Paper Assignment

I ask my students to: Take a position on the complex issue of sustainable food production and consumer habits. You will argue directly for that position, using the Five Point Position structure. Your final narrowed topic will stem from class discussion and your research. For this assignment, you will undertake formal research and engage in critical thinking. For a quick reminder of what these terms mean, you may consult your course packet or review your notes from Week One, Day Three. You must cite a minimum of three sources. The rough draft should be a minimum of three pages in length; the final draft should be five pages. All work must be typed or computer-generated.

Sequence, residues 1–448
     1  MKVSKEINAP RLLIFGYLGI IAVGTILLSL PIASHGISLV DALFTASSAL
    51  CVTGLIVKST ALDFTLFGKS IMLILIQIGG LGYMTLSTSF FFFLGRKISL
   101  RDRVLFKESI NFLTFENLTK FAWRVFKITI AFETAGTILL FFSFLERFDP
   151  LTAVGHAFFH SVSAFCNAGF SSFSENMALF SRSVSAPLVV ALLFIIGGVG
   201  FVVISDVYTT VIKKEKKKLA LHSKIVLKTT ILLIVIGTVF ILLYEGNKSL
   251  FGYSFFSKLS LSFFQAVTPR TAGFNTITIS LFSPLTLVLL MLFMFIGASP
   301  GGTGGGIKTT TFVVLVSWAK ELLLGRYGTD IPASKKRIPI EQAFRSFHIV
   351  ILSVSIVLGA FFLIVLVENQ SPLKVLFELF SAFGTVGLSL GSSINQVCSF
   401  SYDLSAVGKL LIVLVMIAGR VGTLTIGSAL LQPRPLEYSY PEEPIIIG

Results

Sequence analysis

As we have discussed in class, we all expect that certain foods we like will be easily available to us at low cost-even though they come from distant lands. We will engage in research to explore whether or not this common expectation is sustainable. That is, can we realistically count on this ease of access? What are the real costs of this ease? Who benefits, and who pays a price we might not have expected?

Your research and thinking may lead you to foods other than the one(s) you listed in your journal entry; this is fine. Of course, you will become an expert on your subject as you proceed in your research. Be careful to maintain a balance between not providing enough information for your reader to follow your thinking and overwhelming the reader with too much information. (Consider the examples in the course packet. Which one of the three is most effective?)